I have eight great grandparents. It is expected that I received one eighth or 12.5% of my autosomal DNA from each of my eight great grandparents.
At the fifth generation it is expected that I received one sixteenth or 6.25% of my autosomal DNA from each of my two great grandparents. Can the expected values for receiving autosomal DNA from my two greats grandparents definitely be attributed to inheritance? After all, the upper mark of 5% which is used to indicate matches that may be wholly attributed to chance is not all that far removed from the 6.25% that may be attributable to inheritance from one of my two greats grandparents.
Now none of my direct ancestors are alive and so aren’t available for DNA testing. I have to rely upon my siblings and upon my cousins. The expected values of a match on autosomal DNA tests for my ancestors, siblings and cousins can be summarised in tabular form as follows:
The expected value of sharing autosomal DNA with one of my siblings is 50%. I actually share 38% autosomal DNA with one of my brothers. The expected value for shared autosomal DNA with any one of my first cousins once removed is 6.25%. I actually share 7.3% autosomal DNA with one first cousin once removed and 5.4% with another.
Should actual values that differ from expected values be cause for concern? Absolutely not!
However, rather than accepting the relationship for any autosomal DNA match by a testing company as being set in stone, I do believe that my written genealogy confirms the autosomal DNA match result. Equally, the autosomal DNA match is a further independent source that may substantiate my written genealogy. The two are not separate but dependent one upon the other.
The methodology for calculating the likelihood of what autosomal DNA we are expected to have should be familiar to us all.
Consider tossing a coin. The first toss may be heads. The probability of the second toss being heads is still 50%. Even if the second toss is heads the probability of the third toss being heads is still 50%. Thus in a small population of 3 tosses the result of three heads doesn’t indicate that a double headed coin is being used. However, if the result still remains heads after hundreds or thousands of tosses I might be inclined to check whether the coin is biased in some way. According to Bernoulli’s theorem, the more a coin is tossed the more likely it is that the actual value of the number of times a head is tossed approaches the expected value of 50%.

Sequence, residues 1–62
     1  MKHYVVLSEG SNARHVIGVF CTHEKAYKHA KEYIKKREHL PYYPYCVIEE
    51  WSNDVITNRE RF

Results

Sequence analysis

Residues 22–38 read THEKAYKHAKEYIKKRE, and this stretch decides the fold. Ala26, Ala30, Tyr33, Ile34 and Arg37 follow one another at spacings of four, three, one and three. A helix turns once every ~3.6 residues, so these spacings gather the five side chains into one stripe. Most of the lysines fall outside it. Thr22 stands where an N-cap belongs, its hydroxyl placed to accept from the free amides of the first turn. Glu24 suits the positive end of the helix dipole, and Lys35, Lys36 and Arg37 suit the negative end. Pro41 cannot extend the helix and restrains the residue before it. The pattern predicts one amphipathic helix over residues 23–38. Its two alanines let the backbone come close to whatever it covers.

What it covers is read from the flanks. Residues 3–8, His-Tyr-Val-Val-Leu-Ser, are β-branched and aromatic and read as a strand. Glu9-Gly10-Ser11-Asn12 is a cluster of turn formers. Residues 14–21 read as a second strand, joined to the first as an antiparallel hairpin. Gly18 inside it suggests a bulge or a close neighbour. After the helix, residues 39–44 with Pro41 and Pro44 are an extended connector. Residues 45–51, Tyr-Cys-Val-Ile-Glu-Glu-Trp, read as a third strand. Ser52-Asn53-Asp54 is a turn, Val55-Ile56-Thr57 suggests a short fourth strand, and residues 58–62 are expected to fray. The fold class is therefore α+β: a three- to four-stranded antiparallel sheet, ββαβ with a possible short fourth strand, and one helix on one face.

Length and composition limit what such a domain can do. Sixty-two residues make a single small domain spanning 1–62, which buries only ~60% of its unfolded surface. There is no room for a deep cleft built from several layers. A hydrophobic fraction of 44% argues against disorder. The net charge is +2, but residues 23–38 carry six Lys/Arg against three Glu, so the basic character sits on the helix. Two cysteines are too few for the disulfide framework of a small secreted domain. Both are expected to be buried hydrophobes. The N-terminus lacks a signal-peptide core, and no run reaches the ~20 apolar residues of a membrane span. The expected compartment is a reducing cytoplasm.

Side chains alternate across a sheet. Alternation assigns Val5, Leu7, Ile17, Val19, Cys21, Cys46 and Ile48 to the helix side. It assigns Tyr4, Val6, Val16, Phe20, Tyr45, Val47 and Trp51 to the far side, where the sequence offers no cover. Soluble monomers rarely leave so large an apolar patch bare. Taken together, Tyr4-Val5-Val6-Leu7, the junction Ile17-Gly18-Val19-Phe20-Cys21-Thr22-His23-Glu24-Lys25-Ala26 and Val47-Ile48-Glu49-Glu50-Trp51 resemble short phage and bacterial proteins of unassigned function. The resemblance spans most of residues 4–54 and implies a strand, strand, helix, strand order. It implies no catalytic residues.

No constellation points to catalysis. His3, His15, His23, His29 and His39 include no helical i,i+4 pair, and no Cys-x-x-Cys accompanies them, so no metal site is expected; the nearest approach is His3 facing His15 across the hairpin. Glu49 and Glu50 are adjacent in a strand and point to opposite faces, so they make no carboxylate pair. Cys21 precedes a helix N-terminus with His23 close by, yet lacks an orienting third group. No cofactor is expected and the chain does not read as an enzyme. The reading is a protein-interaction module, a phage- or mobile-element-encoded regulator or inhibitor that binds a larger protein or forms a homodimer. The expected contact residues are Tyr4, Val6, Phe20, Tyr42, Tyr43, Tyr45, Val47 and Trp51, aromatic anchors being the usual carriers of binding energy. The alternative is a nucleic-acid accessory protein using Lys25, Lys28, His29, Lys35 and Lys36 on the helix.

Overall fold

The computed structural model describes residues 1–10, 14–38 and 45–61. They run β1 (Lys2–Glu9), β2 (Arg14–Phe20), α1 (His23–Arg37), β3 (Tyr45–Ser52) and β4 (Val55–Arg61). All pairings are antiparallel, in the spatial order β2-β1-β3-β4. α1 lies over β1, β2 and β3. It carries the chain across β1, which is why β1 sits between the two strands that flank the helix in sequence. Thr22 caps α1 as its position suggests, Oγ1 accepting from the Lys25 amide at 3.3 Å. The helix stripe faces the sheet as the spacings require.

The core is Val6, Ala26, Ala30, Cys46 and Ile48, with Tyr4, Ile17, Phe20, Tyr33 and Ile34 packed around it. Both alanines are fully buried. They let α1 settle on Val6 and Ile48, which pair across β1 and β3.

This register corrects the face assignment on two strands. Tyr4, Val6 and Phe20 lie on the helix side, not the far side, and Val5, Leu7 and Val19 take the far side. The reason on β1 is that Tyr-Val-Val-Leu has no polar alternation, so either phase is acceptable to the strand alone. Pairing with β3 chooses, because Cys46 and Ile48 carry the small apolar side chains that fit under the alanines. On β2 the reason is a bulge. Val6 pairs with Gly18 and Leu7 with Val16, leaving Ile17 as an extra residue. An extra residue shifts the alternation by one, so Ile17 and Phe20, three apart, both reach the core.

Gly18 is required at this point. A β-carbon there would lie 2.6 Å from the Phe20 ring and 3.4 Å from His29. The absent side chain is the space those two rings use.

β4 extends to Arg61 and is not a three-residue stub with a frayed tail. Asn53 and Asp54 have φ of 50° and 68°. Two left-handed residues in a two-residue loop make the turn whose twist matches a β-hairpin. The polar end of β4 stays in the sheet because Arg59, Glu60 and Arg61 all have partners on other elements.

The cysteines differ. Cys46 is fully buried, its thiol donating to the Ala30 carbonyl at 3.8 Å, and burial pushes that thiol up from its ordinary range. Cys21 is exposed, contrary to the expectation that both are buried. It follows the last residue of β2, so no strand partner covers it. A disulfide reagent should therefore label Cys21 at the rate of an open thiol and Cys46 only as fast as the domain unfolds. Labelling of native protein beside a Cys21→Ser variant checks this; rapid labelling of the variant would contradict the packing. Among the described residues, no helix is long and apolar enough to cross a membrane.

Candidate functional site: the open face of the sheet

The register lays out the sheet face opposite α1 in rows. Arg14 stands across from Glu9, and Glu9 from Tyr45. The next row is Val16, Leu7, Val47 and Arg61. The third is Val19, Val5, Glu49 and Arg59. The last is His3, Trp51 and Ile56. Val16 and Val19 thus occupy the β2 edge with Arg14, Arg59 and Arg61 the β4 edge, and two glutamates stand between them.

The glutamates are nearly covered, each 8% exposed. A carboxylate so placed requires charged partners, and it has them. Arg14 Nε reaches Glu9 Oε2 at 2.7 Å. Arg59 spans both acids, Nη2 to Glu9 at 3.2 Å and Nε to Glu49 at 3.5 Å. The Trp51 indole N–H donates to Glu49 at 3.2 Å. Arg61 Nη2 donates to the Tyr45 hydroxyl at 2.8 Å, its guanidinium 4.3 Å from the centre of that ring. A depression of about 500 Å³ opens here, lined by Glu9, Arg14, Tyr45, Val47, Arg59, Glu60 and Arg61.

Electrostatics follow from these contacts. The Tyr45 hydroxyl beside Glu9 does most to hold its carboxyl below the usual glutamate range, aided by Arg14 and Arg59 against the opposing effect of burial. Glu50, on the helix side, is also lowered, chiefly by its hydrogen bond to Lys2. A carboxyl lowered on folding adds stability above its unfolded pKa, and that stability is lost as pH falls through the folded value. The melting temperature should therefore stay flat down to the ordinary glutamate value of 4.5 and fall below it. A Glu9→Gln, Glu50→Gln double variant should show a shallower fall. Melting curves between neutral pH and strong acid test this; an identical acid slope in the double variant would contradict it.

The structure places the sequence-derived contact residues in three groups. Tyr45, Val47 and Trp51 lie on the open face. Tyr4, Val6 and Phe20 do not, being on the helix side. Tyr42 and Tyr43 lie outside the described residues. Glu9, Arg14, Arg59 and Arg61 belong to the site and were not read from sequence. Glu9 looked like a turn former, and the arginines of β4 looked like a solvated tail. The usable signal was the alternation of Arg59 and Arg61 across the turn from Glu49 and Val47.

Now consider throwing a die or dice. The first toss may be a 4. The probability of throwing a 4 is one sixth. Indeed for an unbiased die the probability of throwing one of the six numbers is always one sixth irrespective of the previous throws. For a short number of throws there may be a run on a particular number but this in no way alters the probability for the next throw of the die. For each number that probability is one sixth. As for the coin toss, over hundreds and thousands of throws of the die the actual value over all of these throws will approach the expected probability of one sixth for each of the six numbers on the die.
This method of calculating expected values for the toss of a coin and the throw of a die can be applied to the passing of autosomal DNA from two parents to a child. The options for a toss of a coin are either heads or tails. The options for the throw of a die are 1, 2, 3, 4, 5 or 6. The options for a child are that the child receives its autosomal DNA half from its father and half from its mother. As for the coin and as for the die the actual value of autosomal DNA received in the short term may differ from the expected value. As for the coin and as for the die over millions and indeed billions of generations the actual value of autosomal DNA a child receives from its parents will approach the expected value of 50% from its father and 50% from its mother.
But is this so? What is it that Family Tree DNA and AncestryDNA testing with respect to autosomal DNA? Is there an equal chance of this autosomal DNA information coming from one parent as from the other parent? Let’s start by looking at DNA in the whole cell before focusing on autosomal DNA.
Each cell in our body contains DNA. In the cell proper DNA can be found in the mitochondria. This DNA is known as mitochondrial DNA. DNA is also found in the cell nucleus which contains 23 pairs of chromosomes each containing DNA. The 23rd pair is known as pair of the sex chromosomes. The 23rd pair for men is made up of one X chromosome and one Y chromosome. Women have 2 X chromosomes.  The first 22 pairs of chromosomes are known as autosomes. Autosomes contain autosomal DNA.

Cell with nucleus and mitochondria